For people with cerebral palsy, there are a lot of considerations when choosing your health care providers. The NSW Council for Intellectual Disability has a resource to help you find the right doctor, summarized below.
What are your health risk factors?
Adults with disabilities are more likely to be overweight, or obese, than adults without disabilities. According to the National Center for Health Statistics, almost one-third of people with complex activity limitations and 30% of people with basic physical difficulties were obese, compared with 19%of adults who did not have disabilities.
Understanding your cardiovascular disease risk factors is the first step for you to take control over your health. Begin by screening for metabolic syndrome as earlier as possible, even if you don't think that you have any signs and symptoms. The key is prevention.
When should you see the doctor?
Every year, at least for an annual health and physical assessment. Try to schedule your first visit when you are healthy and establish a consistent relationship with your doctor.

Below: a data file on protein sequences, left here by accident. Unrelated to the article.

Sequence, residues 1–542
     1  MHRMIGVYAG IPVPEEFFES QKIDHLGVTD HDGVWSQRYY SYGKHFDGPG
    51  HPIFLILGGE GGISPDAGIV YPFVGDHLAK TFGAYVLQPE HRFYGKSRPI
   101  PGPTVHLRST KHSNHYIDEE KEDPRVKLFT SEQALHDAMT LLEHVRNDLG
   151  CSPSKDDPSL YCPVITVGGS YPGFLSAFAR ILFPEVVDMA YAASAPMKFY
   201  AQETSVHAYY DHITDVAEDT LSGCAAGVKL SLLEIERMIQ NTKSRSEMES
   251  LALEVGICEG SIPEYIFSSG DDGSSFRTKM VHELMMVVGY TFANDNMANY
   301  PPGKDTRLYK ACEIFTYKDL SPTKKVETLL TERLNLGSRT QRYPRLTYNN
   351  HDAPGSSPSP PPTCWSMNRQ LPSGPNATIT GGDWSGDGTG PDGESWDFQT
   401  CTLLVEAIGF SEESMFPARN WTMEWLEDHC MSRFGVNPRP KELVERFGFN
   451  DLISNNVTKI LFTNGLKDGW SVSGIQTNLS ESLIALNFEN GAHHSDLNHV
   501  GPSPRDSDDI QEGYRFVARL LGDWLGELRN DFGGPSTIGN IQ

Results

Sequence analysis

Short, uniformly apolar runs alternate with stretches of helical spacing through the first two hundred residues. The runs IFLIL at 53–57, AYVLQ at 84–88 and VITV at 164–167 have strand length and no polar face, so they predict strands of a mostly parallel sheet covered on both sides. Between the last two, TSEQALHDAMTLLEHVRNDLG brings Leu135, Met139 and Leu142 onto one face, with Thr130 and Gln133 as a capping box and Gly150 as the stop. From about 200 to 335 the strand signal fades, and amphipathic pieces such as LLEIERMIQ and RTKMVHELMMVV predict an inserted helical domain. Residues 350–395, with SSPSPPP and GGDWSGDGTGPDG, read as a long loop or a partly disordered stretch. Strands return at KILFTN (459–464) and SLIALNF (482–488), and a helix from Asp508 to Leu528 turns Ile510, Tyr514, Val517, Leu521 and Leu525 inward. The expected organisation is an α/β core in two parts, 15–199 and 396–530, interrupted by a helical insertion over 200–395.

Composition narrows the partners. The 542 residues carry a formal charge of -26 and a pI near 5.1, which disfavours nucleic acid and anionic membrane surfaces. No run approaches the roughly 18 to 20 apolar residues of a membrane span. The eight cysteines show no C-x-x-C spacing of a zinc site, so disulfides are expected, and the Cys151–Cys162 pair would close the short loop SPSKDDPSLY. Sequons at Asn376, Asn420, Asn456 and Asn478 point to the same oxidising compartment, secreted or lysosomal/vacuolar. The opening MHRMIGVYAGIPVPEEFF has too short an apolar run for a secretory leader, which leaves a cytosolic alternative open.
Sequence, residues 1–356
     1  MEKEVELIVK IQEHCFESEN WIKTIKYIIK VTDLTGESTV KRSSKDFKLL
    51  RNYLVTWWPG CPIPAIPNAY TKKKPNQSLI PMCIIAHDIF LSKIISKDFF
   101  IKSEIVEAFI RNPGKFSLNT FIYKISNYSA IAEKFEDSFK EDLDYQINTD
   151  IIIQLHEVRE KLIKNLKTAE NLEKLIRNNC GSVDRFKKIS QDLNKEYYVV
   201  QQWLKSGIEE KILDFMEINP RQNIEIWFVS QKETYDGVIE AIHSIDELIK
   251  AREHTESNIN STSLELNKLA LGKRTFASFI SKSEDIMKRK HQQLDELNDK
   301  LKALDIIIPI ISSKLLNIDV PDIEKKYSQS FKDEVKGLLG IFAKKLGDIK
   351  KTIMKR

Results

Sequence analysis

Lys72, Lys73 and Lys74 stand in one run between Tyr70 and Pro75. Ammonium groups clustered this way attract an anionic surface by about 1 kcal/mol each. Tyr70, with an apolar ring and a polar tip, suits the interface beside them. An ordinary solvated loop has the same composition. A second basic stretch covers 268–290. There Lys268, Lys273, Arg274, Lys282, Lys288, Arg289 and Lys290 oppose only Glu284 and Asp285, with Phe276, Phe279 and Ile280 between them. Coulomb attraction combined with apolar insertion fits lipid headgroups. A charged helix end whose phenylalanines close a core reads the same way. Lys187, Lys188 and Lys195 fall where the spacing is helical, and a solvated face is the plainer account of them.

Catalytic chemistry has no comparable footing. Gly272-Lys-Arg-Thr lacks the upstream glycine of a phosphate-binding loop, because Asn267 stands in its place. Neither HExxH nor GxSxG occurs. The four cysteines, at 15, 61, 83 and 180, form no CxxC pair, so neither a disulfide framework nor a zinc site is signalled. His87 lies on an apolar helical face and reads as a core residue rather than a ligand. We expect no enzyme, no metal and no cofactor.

What experience should the doctor have?
See if the doctor does an annual Medicare health assessment or coordinates follow-up care. Ask if the doctor has experience with people with intellectual disability, or if they'd like to know more or receive written information. You should also determine whether they coordinate with other disability professionals or if they have a height-adjustable examination bed.
What type of doctors should you look for?
Contact your local general practitioner network for information about doctors who have an interest in people with disabilities.
The Cerebral Palsy Adult Transition study is supported by the National Institute on Disability, Independent Living, and Rehabilitation Research, Department of Health and Human Services, grant #H133G130200.